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Advisory Body Approves Vaccine For Cervical Cancer, But Govt May Still Not Allow It Fearing RSS Opposition

Every eight minutes, one woman in India succumbs to cervical cancer. Around 1.2 lakh women are affected by cervical cancer in India.

Advisory Body Approves Vaccine For Cervical Cancer, But Govt May Still Not Allow It Fearing RSS Opposition
Advisory Body Approves Vaccine For Cervical Cancer, But Govt May Still Not Allow It Fearing RSS Opposition
outlookindia.com
2018-01-25T13:06:38+0530

The highest technical advisory body on vaccination has approved the introduction of the cervical cancer vaccine. The approval, however, may not be of significance as the government is likely to not authorize its use.

The National Technical Advisory Group on Immunisation (NTAGI) decided to accept the recommendation of its subcommittee citing scientific and public health evidence in introducing the vaccine, reported The Indian Express.

The National Technical Advisory Group on Immunisation (NTAGI) had earlier too recommended HPV vaccination in India to prevent cervical cancer, which is the second most common cancer among women in India. However, the union health ministry had decided to shelve the plan to introduce the Human Papilloma Virus (HPV) vaccine after the RSS-affiliate Swadeshi Jagran Manch wrote to Prime Minister Narendra Modi requesting him not to introduce it in the country.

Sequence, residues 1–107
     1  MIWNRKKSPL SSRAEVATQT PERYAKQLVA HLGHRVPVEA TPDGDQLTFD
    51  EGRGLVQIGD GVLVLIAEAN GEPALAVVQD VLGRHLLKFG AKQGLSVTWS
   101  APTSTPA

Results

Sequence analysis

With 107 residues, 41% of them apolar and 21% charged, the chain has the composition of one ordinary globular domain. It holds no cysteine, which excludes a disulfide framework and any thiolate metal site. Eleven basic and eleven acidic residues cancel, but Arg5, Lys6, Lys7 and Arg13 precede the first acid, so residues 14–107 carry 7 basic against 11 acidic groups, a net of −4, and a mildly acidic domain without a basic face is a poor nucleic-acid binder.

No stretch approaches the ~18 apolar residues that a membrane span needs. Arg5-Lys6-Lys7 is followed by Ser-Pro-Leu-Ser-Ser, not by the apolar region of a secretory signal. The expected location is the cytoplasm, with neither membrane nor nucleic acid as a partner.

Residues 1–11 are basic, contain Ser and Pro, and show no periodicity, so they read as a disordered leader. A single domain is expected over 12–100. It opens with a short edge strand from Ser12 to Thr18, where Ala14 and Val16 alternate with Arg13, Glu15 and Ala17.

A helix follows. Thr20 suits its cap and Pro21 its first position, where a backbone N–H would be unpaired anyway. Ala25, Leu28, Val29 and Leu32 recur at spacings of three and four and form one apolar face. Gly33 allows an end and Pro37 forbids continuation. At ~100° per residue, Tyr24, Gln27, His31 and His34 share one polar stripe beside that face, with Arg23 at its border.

In a letter to PM Modi in December, SJM, economic wing of the RSS, had requested the PM to stop the move to introduce the HPV vaccine in India. The letter had compared those behind the HPV vaccine with those who pervert science and bring ignominy to the scientific community alleging that they sell the country to vested interests.

This time too the government is unlikely to abide by the NGTAI's recommendation.

Every eight minutes, one woman in India succumbs to cervical cancer. Around 1.2 lakh women are affected by cervical cancer in India and the country accounts for around 25% of global deaths due to it.

While the causes of cervical cancer are still debated in the medical community, it is most commonly caused by HPV virus (human papillomavirus), with smoking cigarettes and sexual activity being considered as important factors.

The incidence of cervical cancer has also been observed to increase sharply with age; however, it is increasingly affecting women of 25 to 64 years of age.

Doctors had opposed the health ministry's move. "The prevalence of cervical cancer can be significantly reduced if girls entering teenage are vaccinated early. Vaccine works better on a child and yields effective results. When an adult gets vaccinated, it needs to be done through multiple shots while a child can be immunized with two shots," they said.

 

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